Fiction The Horseman
Tim Pears (Bloomsbury, £16.99)
This is a mesmerising book. set in 1911, the story turns on the friendship between two children: Leo, a carter’s son, and Lottie, the tomboy daughter of the master in the big house. it develops, like everything in The Horseman, slowly, but (not to give anything away) to an unexpected end.
however, this is not really what the book is about. Most of it is an evocation of the pre-first World War countryside, sparely written and imagined with exceptional fidelity. i was reminded of the italian film The Tree of Wooden Clogs, made by Ermanno Olmi in 1978. Nothing much happens on the surface and yet the events stay with you. As it happens, both works end in the same way.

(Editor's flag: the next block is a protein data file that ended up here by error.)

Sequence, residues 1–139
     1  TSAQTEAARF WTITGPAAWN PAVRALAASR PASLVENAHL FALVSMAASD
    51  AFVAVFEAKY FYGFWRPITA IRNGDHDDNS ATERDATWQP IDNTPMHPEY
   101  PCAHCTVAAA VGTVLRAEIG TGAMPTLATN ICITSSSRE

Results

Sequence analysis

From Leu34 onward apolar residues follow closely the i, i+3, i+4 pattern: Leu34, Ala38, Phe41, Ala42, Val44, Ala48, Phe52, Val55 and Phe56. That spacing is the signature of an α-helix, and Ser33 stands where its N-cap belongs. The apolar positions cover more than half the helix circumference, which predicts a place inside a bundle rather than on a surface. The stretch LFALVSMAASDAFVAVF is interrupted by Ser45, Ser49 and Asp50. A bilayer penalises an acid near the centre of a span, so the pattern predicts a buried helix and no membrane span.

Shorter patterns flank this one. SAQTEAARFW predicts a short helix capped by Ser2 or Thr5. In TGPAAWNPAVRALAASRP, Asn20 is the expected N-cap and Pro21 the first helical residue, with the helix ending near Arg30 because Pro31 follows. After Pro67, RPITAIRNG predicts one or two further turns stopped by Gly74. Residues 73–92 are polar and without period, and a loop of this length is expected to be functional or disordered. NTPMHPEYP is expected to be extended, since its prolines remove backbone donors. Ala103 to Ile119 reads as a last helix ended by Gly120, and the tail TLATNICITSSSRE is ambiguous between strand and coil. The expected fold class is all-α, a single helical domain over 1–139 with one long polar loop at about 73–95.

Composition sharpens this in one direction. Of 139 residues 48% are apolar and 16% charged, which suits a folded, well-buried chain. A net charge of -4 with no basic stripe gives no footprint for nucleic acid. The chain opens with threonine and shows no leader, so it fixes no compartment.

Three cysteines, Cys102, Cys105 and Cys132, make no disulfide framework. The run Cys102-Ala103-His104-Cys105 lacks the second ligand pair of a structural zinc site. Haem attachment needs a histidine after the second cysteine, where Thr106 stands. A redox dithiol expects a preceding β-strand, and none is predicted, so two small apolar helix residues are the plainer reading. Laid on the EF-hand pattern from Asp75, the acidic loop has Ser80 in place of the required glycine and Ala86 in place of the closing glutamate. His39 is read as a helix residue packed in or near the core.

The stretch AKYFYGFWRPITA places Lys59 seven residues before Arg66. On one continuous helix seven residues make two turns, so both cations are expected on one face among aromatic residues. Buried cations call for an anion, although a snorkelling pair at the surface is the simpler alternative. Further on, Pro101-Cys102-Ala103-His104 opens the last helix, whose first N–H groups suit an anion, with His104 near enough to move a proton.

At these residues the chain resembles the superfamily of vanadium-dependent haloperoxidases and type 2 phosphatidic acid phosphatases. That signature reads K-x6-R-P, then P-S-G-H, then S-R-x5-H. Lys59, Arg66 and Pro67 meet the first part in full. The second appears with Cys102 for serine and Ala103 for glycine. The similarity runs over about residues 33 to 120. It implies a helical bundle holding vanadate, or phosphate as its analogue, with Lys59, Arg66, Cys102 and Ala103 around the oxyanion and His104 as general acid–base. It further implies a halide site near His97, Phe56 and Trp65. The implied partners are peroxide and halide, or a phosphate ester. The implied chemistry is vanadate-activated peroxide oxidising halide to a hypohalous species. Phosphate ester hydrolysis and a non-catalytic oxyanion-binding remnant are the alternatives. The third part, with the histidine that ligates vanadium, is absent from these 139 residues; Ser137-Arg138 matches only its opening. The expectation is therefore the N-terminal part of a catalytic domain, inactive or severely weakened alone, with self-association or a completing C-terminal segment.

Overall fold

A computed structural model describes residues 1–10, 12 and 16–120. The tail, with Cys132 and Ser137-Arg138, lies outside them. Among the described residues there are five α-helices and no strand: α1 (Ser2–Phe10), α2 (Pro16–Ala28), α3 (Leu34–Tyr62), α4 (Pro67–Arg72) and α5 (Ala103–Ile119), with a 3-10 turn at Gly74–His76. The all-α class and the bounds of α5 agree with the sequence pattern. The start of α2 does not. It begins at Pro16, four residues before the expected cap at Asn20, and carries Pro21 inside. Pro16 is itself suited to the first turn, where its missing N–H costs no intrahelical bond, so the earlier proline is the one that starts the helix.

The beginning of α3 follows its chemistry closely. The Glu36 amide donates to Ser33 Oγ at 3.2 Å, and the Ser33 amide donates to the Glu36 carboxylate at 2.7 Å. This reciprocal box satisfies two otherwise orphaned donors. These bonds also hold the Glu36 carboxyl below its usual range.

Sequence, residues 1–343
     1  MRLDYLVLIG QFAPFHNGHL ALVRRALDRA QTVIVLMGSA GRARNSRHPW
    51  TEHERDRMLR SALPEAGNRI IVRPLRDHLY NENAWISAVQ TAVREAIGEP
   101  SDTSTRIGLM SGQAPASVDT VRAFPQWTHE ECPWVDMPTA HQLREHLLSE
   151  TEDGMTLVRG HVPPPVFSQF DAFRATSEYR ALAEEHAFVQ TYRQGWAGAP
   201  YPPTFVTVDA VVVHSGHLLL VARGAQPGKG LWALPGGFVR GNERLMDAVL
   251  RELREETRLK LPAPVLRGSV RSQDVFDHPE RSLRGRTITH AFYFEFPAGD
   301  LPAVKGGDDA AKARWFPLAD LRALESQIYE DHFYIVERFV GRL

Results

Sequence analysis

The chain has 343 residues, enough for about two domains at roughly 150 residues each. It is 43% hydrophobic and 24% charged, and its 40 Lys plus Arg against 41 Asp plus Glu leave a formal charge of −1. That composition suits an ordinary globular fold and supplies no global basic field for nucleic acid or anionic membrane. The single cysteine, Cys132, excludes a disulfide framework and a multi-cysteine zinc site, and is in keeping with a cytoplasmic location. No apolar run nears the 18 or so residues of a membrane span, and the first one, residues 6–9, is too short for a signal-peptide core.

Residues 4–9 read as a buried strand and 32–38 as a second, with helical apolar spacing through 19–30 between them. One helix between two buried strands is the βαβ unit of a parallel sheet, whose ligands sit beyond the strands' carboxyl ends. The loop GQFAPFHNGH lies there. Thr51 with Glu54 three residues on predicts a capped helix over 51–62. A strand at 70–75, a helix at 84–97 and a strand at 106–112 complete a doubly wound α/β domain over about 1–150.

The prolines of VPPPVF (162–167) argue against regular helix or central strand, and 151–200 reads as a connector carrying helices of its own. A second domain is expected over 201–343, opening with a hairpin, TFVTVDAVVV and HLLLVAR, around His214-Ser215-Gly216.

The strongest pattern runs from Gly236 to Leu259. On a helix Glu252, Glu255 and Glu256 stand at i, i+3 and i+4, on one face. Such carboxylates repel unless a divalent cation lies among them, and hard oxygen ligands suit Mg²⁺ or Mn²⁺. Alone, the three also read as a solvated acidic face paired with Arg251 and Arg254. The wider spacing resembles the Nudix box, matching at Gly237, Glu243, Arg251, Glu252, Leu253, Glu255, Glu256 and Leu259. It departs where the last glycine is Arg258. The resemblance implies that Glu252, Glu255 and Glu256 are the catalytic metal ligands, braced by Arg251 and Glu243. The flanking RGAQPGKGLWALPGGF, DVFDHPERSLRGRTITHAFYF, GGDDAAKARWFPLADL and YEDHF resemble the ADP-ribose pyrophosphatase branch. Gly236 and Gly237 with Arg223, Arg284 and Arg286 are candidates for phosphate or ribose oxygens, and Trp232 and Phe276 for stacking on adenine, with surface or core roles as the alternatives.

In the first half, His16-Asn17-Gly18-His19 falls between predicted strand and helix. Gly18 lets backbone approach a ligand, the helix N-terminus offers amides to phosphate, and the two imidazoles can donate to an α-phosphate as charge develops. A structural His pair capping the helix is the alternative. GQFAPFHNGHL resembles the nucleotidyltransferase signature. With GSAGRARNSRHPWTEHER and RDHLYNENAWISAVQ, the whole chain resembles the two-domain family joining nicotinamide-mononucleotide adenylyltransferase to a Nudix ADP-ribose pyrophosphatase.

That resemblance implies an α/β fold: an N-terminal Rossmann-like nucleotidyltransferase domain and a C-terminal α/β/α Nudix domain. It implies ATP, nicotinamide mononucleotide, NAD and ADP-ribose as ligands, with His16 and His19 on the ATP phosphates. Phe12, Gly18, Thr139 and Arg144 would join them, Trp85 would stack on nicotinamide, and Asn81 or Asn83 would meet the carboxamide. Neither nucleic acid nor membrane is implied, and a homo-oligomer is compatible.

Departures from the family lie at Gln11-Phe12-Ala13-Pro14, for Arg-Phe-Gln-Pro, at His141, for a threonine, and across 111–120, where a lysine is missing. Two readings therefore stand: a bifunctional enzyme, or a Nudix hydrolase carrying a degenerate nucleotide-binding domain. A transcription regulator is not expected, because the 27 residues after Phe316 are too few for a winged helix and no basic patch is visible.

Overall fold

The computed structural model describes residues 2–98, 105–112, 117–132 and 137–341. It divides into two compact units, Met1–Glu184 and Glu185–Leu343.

This is not an idyll. The country folk who occupy this stage have a slightly bovine air and, if the book has a fault, it’s that the central character, unsmiling Leo, is only a window through which we see events: he has little signs of personality.
These are practical people, however. They know about ferrets, hayricks, swallows, early harvesting machines, sheep with the Gid, pigs and how to kill them, blacksmith’s shops and horses. steam has come to this countryside, but not the internal-combustion engine. horses provide transport, motive power and sport.
Much of the action takes place in fields and stables, where the abilities and illnesses of cart horses and cobs, ponies and hunters are impeccably described. indeed, this book is as much about horse lore as human emotion and the different characters define themselves in relation to the equines. A shared love of horses—in particular, a roan who dies of colic—precipitates Leo and Lottie across the class barrier to develop what threatens to be their pre-adolescent romance. Although the musical notation would be andante, if not largo, it’s a tale beautifully told. Clive Aslet